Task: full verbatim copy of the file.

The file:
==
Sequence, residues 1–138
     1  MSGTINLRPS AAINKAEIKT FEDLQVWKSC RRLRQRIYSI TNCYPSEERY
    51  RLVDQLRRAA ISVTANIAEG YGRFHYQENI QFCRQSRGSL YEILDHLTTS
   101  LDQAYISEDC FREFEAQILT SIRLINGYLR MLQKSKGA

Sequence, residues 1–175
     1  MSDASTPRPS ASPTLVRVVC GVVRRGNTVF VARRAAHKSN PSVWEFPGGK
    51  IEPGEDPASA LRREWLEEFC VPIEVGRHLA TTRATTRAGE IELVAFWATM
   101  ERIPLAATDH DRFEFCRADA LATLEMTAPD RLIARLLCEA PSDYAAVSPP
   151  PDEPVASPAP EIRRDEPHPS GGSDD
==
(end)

Sequence, residues 1–138
     1  MSGTINLRPS AAINKAEIKT FEDLQVWKSC RRLRQRIYSI TNCYPSEERY
    51  RLVDQLRRAA ISVTANIAEG YGRFHYQENI QFCRQSRGSL YEILDHLTTS
   101  LDQAYISEDC FREFEAQILT SIRLINGYLR MLQKSKGA

Sequence, residues 1–175
     1  MSDASTPRPS ASPTLVRVVC GVVRRGNTVF VARRAAHKSN PSVWEFPGGK
    51  IEPGEDPASA LRREWLEEFC VPIEVGRHLA TTRATTRAGE IELVAFWATM
   101  ERIPLAATDH DRFEFCRADA LATLEMTAPD RLIARLLCEA PSDYAAVSPP
   151  PDEPVASPAP EIRRDEPHPS GGSDD